- to maintain close liaison with the research scientists, who form the Research Group on Huntington's Disease of the World Federation of Neurology
- to develop and share information and resources among member countries, to avoid duplication of effort
- to assist in organizing and developing new and existing national HD organisations
- to cooperate with other voluntary health agencies and international health organisations
- to publish and distribute
an international newsletter to all members and to representatives in those countries
where no HD group is not yet organised.
*1977 - Netherlands
*1979 - England
*1981 - Belgium
*1983 - Canada
*1985 - France
*1987 - Italy
*1989 - Canada
*1991 - Wales
*1993 - USA
*1995 - Belgium
*1997 - Australia
*1999 - Netherlands
*2005 - UK
*2007 - Germany
*2009 - Canada
The 2011 meeting will be
in Melbourne (Australia)
The following countries are now represented by the IHA:
The IHA has also contact with representatives from the following countries working to establish an HD association:
The research group brings
together physicians and scientists from countries around the world. These individuals
are seeking improved treatment and an eventual cure, through consultation and
sharing of the rapidly increasing body of knowledge about HD. The first meeting
of this group took place in 1967 in Montreal, Canada, with the late Dr. André
Barbeau as host.
In March 1993, the gene causing Huntington's Disease was identified on chromosome number 4. This means that individuals at risk for HD can now be directly tested to "predict" who will develop the disease. Prenatal testing is also possible. The decision about whether or not to take the predictive test is a deeply personal one. For some individuals this test will provide much desired information about their future. Others will choose not to undergo testing at this time, particularly as there is no effective treatment currently available.
Recognizing that medical, ethical, legal and social issues from the availability of predictive testing, recommendations concerning the use of a predictive test for the detection of HD were drawn up by a committee consisting of representatives of the IHA and WFN Research Group for HD.
The first predictive test guidelines were adopted by each of the organisations at their respective meetings in Vancouver, BC, Canada, June 30 to July 3, 1989, and published in the Journal of the Neurological Sciences (1989;94:327-332) and the Journal of Medical Genetics (1990;27:34-38).
Revision of these guidelines was necessary in view of the important research breakthrough announced in March 1993 of the discovery of the HD gene on chromosome number 4, characterized by an expanded trinucleotide repeat.
The revised Guidelines,
have now been approved and published in Neurology 1994;44:1533-1536 and
in the Journal of Medical Genetics (1994;31:555-559).
- Offering ongoing support to developing national lay groups
- Facilitating the sharing of resources developed in one country for use by others, to avoid duplication of scarce human and financial resources. A range of videotapes, manuals and resource materials for lay people and professionals is now available in several languages thanks to the generosity of member associations
- Fostering applied research and development of improved care strategies in such areas as: nursing, communication, swallowing, mobility, supportive housing and long-term care
- Encouraging basic and
applied research, leading to increased understanding of the basic factors underlying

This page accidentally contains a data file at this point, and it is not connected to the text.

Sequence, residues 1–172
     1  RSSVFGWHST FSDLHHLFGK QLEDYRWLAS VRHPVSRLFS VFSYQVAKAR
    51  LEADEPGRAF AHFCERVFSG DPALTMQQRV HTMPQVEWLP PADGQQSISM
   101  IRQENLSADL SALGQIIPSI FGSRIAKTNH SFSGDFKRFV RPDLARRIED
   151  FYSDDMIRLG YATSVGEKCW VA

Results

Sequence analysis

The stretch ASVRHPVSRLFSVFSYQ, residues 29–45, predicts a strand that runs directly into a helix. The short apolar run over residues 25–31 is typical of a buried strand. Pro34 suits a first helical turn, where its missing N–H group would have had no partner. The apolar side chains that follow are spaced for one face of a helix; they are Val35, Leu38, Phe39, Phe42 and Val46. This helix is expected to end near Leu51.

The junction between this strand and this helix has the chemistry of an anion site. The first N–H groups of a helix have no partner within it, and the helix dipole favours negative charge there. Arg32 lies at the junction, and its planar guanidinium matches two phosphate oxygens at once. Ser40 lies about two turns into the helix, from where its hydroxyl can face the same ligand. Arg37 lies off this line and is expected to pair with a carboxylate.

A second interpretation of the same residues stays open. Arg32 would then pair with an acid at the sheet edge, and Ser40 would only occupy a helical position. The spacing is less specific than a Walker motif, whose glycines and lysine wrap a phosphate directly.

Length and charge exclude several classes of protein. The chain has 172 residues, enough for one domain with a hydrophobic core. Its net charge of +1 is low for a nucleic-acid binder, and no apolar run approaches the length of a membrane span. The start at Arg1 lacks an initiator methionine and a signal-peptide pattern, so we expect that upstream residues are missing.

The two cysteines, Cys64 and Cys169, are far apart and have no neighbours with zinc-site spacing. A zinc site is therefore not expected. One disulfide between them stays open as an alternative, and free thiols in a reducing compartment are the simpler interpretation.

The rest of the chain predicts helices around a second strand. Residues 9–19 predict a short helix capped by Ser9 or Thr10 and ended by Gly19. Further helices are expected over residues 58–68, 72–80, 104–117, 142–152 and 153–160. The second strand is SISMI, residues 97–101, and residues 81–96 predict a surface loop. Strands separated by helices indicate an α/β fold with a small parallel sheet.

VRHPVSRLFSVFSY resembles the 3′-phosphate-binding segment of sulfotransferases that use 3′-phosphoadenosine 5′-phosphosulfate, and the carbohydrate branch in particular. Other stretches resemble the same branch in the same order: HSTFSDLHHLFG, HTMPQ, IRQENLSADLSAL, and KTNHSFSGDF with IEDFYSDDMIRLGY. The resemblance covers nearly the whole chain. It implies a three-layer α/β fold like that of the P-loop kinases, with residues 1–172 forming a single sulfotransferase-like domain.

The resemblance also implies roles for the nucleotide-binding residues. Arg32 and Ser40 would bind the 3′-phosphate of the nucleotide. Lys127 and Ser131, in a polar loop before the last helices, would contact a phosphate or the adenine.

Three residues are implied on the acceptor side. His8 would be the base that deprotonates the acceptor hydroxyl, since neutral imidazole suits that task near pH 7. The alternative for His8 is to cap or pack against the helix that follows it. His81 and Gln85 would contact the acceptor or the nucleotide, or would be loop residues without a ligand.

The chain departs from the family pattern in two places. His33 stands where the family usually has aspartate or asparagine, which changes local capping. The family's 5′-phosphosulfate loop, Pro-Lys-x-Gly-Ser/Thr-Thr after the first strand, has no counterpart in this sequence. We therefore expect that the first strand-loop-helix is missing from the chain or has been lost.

HD and ultimately to improved treatment and an eventual cure. Tremendous strides
are being made.
The Fund was intended to cover the cost of a keynote speaker at future IHA meetings, the focus of these presentations to be innovative new strategies for care.
At the 1995 IHA meeting
in Belgium, it was agreed that the Marjorie Guthrie Fund be expanded to support
the critical international development work of the IHA. By expanding the mandate
of the Fund, it is hoped that resources can be found and made available to assist
with the development and support of recent and additional new lay organisations.
This meeting was followed by the first meeting together with the conference of the Research Group in the Netherlands in 1977 organised by the Dutch Huntington Society the "Vereniging van Huntington", where representatives of six countries were present.
The IHA was established at the international meeting in Oxford (England) in 1979, organised by the Huntington's Disease Association of the United Kingdom.
In 2003 was planned the
World Congress on Huntington Disease in Toronto, Canada. It would have been
the first fully joined meeting of scientist and representatives of members and
contacts of the International Huntington Association.
Due to electricity drop out, the board of the IHA with support of scientists organized an improvised meeting.
The next meeting in Manchester (UK) will also be a joint meeting.
Now, in 2004, there are HD societies in 39 countries all over the world and contacts in another 16 countries.
Dr. Nancy Wexler, one of the leading HD researchers in the world, made the following comment in a speech at the Huntington Society of Canada's annual meeting:
people can make an impact, and you're a group like this all across the country
you make a bigger impact, and when you're international, you make an even bigger
impact. There is absolutely no question that the Huntington movement we're all
part of is considered one of the most successful in the entire world. And what
are we? Just individuals getting together and saying 'this disease cannot get
me down, I'm going to conquer this thing'. And we're going to do it soon. We're
going to do it in the lifetime of ourselves and our children."
The International Huntington
Association and its members believe the IHA will be a key factor in achieving
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